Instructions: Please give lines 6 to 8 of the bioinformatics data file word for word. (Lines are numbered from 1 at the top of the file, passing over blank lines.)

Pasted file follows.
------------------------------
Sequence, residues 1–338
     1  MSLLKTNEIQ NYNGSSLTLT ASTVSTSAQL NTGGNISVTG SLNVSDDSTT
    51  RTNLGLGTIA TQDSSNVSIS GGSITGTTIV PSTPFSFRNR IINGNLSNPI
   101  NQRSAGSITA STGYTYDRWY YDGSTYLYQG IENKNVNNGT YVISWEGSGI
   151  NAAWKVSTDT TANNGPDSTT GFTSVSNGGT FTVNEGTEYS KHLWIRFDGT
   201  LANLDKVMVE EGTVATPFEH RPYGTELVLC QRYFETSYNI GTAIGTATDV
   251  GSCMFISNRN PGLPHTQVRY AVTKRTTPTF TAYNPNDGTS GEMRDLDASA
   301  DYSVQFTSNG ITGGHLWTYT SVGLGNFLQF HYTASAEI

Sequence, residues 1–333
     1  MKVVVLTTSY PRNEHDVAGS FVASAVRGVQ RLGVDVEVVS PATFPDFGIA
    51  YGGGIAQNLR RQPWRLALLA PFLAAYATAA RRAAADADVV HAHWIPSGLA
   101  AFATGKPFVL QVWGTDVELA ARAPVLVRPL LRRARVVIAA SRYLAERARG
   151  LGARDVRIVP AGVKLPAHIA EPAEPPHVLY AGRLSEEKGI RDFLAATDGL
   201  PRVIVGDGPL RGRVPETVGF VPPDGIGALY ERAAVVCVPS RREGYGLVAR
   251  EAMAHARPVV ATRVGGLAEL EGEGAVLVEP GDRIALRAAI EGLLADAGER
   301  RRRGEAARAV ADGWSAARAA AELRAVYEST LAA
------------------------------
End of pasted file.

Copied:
   201  LANLDKVMVE EGTVATPFEH RPYGTELVLC QRYFETSYNI GTAIGTATDV
   251  GSCMFISNRN PGLPHTQVRY AVTKRTTPTF TAYNPNDGTS GEMRDLDASA
   301  DYSVQFTSNG ITGGHLWTYT SVGLGNFLQF HYTASAEI